finra

FINRA

For Release:
Contacts:

Wednesday, June 22, 2011
Nancy Condon (202) 728-8379
Michelle Ong (202) 728-8464

 

Morgan Keegan & Company, Inc. Action

 

Morgan Keegan Ordered to Pay $200 Million to Investors to Settle Allegations Regarding Sales of Bond Funds

Sales Materials Made Exaggerated Claims and Failed to Disclose Risks; Supervisory System Failures

 

WASHINGTON — The Financial Industry Regulatory Authority (FINRA), the Securities and Exchange Commission (SEC) and five state regulators from Alabama, Kentucky, Mississippi, South Carolina and Tennessee announced today that each has settled enforcement proceedings against Morgan Keegan & Company, Inc. Morgan Keegan will pay restitution of $200 million for customers who invested in seven affiliated bond funds, including the Regions Morgan Keegan Select Intermediate Bond Fund (Intermediate Fund). Morgan Keegan's affiliate, Morgan Asset Management, managed the funds.

FINRA found that from the beginning of Jan. 2006 to the end of Sept. 2007, Morgan Keegan marketed and sold the Intermediate Fund to investors using sales materials that contained exaggerated claims, failed to provide a sound basis for evaluating the facts regarding the fund, were not fair and balanced, and did not adequately disclose the impact of market conditions in 2007 that caused substantial losses to the value of the Intermediate Fund.

The Intermediate Fund invested predominantly in structured products, including mezzanine and subordinated tranches of structured securities including sub-prime products. Morgan Keegan marketed the Intermediate Fund as a relatively safe, investment-grade fixed income mutual fund investment when, in fact, the fund was exposed to risks associated with its investments in mortgage-backed and asset-backed securities, and subordinated tranches of structured products. By the beginning of 2007, Morgan Keegan was aware that the Intermediate Fund was experiencing difficulties related to the holdings in the fund impacted by turmoil in the mortgage-backed securities market yet failed to adequately disclose those risks in the sales materials or internal guidance. In March 2007, when adverse market conditions began to affect the fund, over 54 percent of the portfolio was invested in asset-backed and mortgage-backed securities, and 13.5 percent was invested in subprime products.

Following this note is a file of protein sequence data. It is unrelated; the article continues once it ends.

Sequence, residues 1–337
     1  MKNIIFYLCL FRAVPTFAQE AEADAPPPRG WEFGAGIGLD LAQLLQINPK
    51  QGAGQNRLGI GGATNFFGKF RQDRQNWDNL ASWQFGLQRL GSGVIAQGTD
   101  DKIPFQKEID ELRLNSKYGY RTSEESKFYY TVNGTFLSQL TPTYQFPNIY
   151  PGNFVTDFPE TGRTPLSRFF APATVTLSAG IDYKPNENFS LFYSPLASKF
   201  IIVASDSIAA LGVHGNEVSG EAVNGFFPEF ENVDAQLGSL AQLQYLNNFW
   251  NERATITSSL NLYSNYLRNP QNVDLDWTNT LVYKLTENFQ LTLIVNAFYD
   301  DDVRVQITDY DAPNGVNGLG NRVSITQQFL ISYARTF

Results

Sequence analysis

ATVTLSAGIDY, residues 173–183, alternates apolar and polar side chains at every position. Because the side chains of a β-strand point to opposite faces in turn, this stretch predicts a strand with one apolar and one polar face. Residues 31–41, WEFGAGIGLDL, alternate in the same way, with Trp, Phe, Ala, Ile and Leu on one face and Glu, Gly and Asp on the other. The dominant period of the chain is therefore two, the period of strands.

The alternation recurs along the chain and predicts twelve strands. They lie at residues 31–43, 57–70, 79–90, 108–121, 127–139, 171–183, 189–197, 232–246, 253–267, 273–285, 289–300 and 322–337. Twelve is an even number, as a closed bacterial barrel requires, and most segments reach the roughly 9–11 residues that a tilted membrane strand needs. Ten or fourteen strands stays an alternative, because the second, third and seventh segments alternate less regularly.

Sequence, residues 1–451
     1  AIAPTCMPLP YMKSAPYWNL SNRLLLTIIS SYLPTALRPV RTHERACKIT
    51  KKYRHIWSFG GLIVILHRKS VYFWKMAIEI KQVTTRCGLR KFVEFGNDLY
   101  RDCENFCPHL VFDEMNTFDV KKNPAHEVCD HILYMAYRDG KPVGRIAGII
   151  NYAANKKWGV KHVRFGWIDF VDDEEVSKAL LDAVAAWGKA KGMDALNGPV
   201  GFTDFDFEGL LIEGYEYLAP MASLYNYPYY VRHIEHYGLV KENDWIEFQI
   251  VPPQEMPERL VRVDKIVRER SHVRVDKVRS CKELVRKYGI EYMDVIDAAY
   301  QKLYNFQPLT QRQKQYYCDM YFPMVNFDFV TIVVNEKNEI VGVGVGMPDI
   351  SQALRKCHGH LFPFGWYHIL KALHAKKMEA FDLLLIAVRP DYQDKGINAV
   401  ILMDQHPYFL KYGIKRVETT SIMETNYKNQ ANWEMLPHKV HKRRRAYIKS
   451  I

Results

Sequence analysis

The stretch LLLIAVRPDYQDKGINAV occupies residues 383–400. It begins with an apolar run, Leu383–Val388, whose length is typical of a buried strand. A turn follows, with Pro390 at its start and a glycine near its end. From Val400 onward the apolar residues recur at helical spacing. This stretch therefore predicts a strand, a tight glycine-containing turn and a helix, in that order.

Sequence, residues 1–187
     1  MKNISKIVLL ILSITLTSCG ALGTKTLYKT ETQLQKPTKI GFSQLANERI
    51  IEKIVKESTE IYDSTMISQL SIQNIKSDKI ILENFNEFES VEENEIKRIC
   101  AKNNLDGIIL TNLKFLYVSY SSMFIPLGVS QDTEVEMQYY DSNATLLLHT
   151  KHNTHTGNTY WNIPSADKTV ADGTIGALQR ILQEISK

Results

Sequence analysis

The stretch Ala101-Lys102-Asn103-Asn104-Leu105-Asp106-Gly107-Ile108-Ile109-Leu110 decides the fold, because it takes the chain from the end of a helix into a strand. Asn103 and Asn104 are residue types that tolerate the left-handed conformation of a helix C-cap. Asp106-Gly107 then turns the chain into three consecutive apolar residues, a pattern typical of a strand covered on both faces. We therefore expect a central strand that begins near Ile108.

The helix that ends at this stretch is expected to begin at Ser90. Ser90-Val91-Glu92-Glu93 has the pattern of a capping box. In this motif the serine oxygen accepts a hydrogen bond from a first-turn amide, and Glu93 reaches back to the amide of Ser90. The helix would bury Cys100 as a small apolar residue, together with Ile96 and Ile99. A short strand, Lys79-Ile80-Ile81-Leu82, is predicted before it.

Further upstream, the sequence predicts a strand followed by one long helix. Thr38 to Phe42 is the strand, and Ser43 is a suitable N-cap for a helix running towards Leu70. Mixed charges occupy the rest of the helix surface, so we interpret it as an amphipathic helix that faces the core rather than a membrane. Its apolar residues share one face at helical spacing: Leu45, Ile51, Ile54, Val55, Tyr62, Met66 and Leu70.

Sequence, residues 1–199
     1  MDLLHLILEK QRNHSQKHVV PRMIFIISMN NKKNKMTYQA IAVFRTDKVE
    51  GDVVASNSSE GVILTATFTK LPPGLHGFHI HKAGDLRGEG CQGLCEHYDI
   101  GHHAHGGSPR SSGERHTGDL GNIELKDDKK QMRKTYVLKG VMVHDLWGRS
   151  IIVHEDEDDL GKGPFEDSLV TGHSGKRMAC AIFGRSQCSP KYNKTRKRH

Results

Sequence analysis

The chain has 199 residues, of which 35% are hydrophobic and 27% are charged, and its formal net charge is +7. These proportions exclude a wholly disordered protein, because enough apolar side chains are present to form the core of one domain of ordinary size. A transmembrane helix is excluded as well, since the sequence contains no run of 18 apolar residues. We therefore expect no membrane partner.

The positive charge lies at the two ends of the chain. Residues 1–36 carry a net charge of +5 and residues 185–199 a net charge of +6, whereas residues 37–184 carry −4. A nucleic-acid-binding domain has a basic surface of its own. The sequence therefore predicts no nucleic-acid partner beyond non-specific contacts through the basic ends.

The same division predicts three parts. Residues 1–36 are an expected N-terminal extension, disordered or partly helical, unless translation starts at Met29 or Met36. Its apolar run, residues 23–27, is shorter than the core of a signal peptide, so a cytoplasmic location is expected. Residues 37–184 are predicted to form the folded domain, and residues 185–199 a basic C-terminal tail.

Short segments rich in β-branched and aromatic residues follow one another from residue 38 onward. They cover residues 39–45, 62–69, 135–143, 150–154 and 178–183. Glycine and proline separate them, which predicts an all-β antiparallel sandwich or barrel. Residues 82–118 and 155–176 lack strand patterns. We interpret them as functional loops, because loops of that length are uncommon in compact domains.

Brad Bennett, FINRA Executive Vice President and Chief of Enforcement, said, "FINRA acknowledges the efforts of the Securities and Exchange Commission and state securities regulators in resolving this matter against Morgan Keegan and providing restitution to harmed investors. Firms must ensure that their marketing materials fully and accurately describe the products they sell, including the attendant risks and any relevant information about market conditions that may impact those products. By not fully disclosing the risks, Morgan Keegan portrayed the Intermediate Fund as a safer investment than it was."

FINRA's settlement includes findings that Morgan Keegan failed to establish, maintain and enforce an adequate supervisory system, including written supervisory procedures reasonably designed to achieve compliance with NASD rules. Morgan Keegan's supervisory system and written procedures were not reasonably designed to ensure that its sales literature disclosed certain information as to risk and did not contain exaggerated claims. As a result, Morgan Keegan failed to adequately describe the nature, holdings and certain risks of the Intermediate Fund. In addition, beginning in 2007 when the particular risks associated with the Intermediate Fund's holdings began to impact negatively the holdings in the fund, Morgan Keegan failed to take steps reasonably designed to revise its advertising materials to inform customers of the specific risks of investing in the fund under the current market conditions.

This investigation was conducted by Gino Ercolino, David Fenimore, Gregory Firehock, Theresa Ridder and Richard Santiago of the Enforcement Department, with the assistance of FINRA's Advertising Regulation Department.

Investors can obtain more information about, and the disciplinary record of, any FINRA-registered broker or brokerage firm by using FINRA's BrokerCheck. FINRA makes BrokerCheck available at no charge. In 2010, members of the public used this service to conduct 17.2 million reviews of broker or firm records. Investors can access BrokerCheck at www.finra.org/brokercheck or by calling (800) 289-9999. Investors may find copies of this complaint, as well as other disciplinary documents, in FINRA's Disciplinary Actions Online database.

 

FINRA is the largest independent regulator for all securities firms doing business in the United States. FINRA is dedicated to investor protection and market integrity through effective and efficient regulation and complementary compliance and technology-based services. FINRA touches virtually every aspect of the securities business—from registering and educating industry participants to examining securities firms, writing rules, enforcing those rules and the federal securities laws, informing and educating the investing public, providing trade reporting and other industry utilities, and administering the largest dispute resolution forum for investors and registered firms. For more information, please visit www.finra.org.